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young men have thus been carried off forcibly from their land, their wives, and families. This number includes twenty church members, one deacon, and three assistant-teachers. The above number does not at all represent our loss. Those taken were the strength, flower, and hope of their land. It is supposed they are taken to work in the Guano Islands, where a few months terminate their life. Many of the particulars of the visits of these vessels are most painful. One came here last January, and a number of canoes went off with pigs, fowls, yams, &c., to sell. They were told that nothing would be bought on deck, but they would sell everything if they went below. The unsuspecting natives took their things belor, and immediately the hatchways were fastened, and the ship stood out to sea with forty stolen men on board. In March another paid us a visit. The natives were afraid to go off; only one canoe went, and that one with two assistant-teachers, taking a letter to the captain. It afterwards transpired that these were seized upon reaching the ship, and put in irons. In the meantime a boat came and a man landed. He said they were bound to Sydney with a cargo of oil, bat came here to beg some medicine for the captain, who was very ill with dysentery. This disarmed suspicion, and several canoes went off,
-some to look for the canoe that had not returned, and others to trade. These no sooner reached the ship than some were seized and others fired upon. Unarmed and unsuspecting, the poor natives were fired upon many times by the white wretches. One young man, a church member, was shot through the head and fell dead in his canoe. Nearly two hundred have been left widows or orphans. The three assistant-teachers were very hopeful young men, daily growing in light and strength. They were very useful in the schools and ont-stations, and relieved me of many of those things which would interfere with the more important work of preaching and translation.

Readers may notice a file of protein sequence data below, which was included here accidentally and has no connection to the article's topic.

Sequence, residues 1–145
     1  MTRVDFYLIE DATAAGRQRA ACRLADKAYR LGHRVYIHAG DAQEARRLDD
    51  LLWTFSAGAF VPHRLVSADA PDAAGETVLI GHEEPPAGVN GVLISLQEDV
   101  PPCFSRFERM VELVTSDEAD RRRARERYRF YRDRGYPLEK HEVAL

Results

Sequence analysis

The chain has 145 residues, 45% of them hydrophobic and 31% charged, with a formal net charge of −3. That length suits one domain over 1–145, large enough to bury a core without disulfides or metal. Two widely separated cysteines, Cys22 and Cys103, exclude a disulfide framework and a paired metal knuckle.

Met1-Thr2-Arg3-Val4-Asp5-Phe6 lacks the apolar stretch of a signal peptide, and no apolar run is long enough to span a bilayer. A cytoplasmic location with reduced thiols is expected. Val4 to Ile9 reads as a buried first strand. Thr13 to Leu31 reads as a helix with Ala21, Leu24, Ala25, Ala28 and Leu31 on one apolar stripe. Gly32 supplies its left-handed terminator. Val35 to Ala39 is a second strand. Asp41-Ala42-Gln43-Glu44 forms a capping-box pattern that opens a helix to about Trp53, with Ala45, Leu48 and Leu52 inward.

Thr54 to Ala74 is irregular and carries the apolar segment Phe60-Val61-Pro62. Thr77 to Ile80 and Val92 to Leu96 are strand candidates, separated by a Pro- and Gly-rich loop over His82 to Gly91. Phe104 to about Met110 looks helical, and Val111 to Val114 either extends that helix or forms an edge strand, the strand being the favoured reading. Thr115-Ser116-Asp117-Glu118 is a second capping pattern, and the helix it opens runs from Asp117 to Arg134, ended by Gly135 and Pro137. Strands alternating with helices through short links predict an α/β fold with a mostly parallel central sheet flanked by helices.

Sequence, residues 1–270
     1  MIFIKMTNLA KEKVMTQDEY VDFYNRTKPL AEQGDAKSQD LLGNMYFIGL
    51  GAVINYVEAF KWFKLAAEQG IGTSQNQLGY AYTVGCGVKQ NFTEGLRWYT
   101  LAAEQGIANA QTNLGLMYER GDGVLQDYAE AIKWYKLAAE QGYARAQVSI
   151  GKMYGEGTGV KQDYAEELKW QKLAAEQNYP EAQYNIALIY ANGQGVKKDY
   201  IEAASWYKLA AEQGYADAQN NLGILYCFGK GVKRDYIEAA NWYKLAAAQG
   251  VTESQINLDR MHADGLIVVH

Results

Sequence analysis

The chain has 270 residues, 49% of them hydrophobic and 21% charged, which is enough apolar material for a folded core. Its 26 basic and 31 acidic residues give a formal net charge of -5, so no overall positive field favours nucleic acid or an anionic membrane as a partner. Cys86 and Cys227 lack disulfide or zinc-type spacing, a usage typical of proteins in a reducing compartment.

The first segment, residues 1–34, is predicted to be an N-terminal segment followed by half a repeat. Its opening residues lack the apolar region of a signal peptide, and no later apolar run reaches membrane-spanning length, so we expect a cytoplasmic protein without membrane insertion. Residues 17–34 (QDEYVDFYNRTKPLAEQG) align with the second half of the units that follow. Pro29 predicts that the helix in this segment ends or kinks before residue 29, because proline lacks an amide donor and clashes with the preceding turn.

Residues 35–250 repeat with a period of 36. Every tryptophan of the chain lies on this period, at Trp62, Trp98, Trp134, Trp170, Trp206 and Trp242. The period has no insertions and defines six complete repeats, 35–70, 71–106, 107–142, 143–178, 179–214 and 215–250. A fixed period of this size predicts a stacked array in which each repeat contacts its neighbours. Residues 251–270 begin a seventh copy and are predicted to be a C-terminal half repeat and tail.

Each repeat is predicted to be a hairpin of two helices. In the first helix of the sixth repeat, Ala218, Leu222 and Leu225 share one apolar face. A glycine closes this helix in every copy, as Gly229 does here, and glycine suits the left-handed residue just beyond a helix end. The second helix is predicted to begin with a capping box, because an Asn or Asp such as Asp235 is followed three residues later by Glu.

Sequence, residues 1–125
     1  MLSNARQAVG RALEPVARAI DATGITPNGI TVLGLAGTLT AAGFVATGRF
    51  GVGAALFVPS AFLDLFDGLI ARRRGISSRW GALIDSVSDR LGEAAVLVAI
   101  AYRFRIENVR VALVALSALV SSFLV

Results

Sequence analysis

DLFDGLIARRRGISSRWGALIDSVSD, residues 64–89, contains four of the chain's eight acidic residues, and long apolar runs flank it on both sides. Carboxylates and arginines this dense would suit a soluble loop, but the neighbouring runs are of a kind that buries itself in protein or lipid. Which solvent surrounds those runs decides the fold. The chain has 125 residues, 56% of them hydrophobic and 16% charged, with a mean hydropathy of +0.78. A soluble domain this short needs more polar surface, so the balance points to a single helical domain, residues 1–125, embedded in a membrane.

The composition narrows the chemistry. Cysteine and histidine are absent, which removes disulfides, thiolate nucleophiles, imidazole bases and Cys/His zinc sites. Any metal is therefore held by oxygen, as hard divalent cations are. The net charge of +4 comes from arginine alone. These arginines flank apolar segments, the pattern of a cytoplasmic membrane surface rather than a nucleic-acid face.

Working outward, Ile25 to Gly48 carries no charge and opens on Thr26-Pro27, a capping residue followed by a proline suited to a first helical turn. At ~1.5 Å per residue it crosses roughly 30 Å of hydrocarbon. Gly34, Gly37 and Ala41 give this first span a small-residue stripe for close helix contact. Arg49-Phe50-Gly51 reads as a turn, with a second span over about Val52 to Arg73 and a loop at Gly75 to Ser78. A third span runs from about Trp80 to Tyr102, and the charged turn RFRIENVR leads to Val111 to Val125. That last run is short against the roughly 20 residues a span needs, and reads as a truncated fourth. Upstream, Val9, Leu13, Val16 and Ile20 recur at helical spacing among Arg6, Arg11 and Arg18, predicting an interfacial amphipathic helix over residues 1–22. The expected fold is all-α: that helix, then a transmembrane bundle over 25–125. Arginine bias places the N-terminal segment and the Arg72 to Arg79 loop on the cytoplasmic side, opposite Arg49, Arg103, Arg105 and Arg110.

“These things have tried the faith of our people; but they have come off victo rious, purified, and strengthened, we hope, by the trial. On the morning after the murder of the young man, we held a prayer meeting, and an old warrior, who in old times would have been the first to retaliate, prayed for the murderers and kidnappers, that they may obtain mercy lest they die in their sins. How gloriously changed from the spirit which, in former days, would have prompted them to revenge on one ship the evils perpetrated by a previous one.